Want to relay your smartphone’s or laptop’s display onto a larger screen without wires? No, it’s not science fiction. You can wirelessly output video from computers and smartphones today. Wireless display technologies use WiFi to output video to compatible adapters. You only need a display adapter, which connects to a monitor and a WiDI or Miracast compatible device. Most modern devices are compatible with the technology. There’s also Apple’s proprietary technology, AirPlay.
Noticing wireless display technology on all my devices, I recently set up a Miracast adapter. This article summarizes my experience. While setup doesn’t require much effort, it can require a bit of leg work.
Intel developed the Wireless Display (WiDi) technology as a means of streaming video and audio from compatible devices. WiDi inhabits on most modern Intel motherboards, in particular all Ultrabook-branded laptops.
Additionally, WiDi will also soon receive support for Miracast in its 3.5 incarnation, meaning that the two major wireless displays will actually converge. This is practically unheard of among competing standards. Typically, they fight to the death.
WiDi shows up in many second generation Intel Core-series processors. Ivy Bridge through Haswell can incorporate WiDi, although it does not exist on all Intel computers.
AirPlay, unlike WiDi or Miracast, is a proprietary technology. It’s only compatible with Apple TV and other officially vetted brands. You can’t purchase an adapter that will stream to any device, as you might with WiDi or Miracast. AirPlay’s great advantage over other wireless display standards is its ability to function with AirPlay enabled-speakers.
Apple intended for the technology to allow mobile devices to function as remote controls and streaming devices. It licenses out AirPlay to a variety of audio-equipment manufacturers — such as Sony, Pioneer and Philips.
Overall, AirPlay possesses far fewer vices and foibles than Miracast.
You can check out AirPlay in action below:
For some apps that allow you to output display to other operating systems, check out AirDisplay.
Miracast is based on WiFi Direct, which enables handsets to communicate with one another, without connecting to a network. It uses WiFi as a direct means of interfacing with another computer. Miracast uses a variation on this technology to allow the output of audio and video, without a wired interface. However, the Miracast specification makes no provision for , such as MP3 players.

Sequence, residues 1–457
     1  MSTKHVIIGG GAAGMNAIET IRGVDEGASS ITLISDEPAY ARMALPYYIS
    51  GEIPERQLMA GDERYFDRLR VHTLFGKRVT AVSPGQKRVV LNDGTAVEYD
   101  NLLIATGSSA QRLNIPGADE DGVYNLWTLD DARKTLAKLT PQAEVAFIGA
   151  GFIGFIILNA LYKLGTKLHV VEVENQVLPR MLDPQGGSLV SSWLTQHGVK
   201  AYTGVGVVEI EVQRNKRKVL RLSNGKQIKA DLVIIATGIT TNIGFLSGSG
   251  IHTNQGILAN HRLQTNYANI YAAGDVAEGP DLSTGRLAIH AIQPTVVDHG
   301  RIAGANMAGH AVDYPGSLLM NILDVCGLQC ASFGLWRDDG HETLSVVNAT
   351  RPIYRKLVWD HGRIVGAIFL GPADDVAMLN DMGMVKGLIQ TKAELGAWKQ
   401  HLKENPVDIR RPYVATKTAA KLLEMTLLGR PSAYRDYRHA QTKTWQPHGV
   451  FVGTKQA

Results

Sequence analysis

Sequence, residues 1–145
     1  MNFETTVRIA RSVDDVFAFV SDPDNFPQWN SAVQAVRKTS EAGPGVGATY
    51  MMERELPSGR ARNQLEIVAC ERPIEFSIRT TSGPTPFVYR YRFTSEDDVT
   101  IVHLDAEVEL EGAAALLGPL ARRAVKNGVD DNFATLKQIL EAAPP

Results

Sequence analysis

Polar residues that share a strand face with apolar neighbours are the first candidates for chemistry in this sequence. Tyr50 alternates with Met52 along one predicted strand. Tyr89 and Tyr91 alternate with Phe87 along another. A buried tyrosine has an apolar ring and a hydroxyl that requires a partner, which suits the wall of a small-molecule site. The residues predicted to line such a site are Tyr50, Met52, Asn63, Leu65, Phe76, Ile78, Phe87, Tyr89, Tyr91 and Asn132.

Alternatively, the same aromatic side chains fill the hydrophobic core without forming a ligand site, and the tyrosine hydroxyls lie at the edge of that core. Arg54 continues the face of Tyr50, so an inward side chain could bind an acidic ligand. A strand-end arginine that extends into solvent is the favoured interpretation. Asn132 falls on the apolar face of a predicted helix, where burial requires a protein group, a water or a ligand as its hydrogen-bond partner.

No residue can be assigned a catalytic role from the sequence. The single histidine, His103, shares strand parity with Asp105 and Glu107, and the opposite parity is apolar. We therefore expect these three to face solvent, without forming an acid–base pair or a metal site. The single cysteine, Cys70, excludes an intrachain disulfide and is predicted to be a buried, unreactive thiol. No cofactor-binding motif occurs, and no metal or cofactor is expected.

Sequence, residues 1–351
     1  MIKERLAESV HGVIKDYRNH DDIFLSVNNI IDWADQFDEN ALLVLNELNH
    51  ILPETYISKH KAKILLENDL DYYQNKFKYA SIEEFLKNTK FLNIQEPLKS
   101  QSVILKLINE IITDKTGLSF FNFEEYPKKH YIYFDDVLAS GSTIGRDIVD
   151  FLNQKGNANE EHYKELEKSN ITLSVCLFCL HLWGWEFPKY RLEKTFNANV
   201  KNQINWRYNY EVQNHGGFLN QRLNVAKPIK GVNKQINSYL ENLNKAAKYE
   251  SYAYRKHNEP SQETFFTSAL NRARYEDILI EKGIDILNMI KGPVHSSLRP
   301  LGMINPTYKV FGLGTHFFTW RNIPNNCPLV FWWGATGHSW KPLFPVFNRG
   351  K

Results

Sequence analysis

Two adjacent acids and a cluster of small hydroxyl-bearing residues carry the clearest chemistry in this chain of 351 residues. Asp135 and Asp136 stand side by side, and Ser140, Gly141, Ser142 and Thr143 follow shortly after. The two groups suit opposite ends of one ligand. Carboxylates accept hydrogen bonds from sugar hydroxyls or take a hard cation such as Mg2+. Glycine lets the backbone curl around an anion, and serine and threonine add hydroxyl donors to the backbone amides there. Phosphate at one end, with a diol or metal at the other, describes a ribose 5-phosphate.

On the downside, Miracast is a new format. As such, it has suffered from a huge number of teething troubles, including display quality issues, lag and instability. I’ve experienced a great deal of issues related to compatibility. Miracast devices don’t work well with all versions of Android. For example, my Android 4.2.1 device failed to output display when it updated to Android 4.2.2.
How I Set Up My Miracast Device
Here’s a shot of thedevice – it’s both Miracast and WiDi compatible, meaning I could choose to output the display from either my smartphone or my personal computer. It’s also capable of running off the power provided through a USB port. I ran it off of my display’s USB ports.
Setting it up was super simple: I plugged the device into a power source and then activated Wireless Display on my smartphone. From there, simply choose the appropriate display from the list and connect to the Push2TV device.
The Push2TV PTV3000 device wasn’t cheap – at $60 on– and it didn’t set up very easily. It required a firmware update before receiving compatibility with my Android 4.2.1. To Netgear’s credit, they continually improved the firmware until it finally functioned properly. You can watch video of it in action below:
On the downside, Miracast’s implementation in Netgear’s Push2TV device remains experimental. The most recent firmware update of my Nexus 4 broke compatibility with the Push2TV device. Also, simultaneous Bluetooth and wireless display doesn’t work; only one or the other functions at the same time. However, some custom ROMs permit both to function at the same time. Using a custom ROM, my Nexus 4 functioned briefly as a desktop alternative, pairing a Bluetooth wireless keyboard with a mouse. For the curious: You can read more about my attempts to turn my phone into a desktop-phone convergence device.
Wireless displays are pretty amazing things. You can output display and audio from smartphones, laptops and desktops to larger monitors. Most modern computers and smartphones include some kind of support for it. Linux, iOS and PCs support the feature. From what I can tell, most Android devices with Jelly Bean, or later versions, include Miracast support.
That means most modern tablets will also have it. If you’re considering a tablet purchase, check out our buying guide.
Anyone else interested in wirelessly outputting their tiny smartphone or laptop display to the television? Let us know about your experiences in the comments.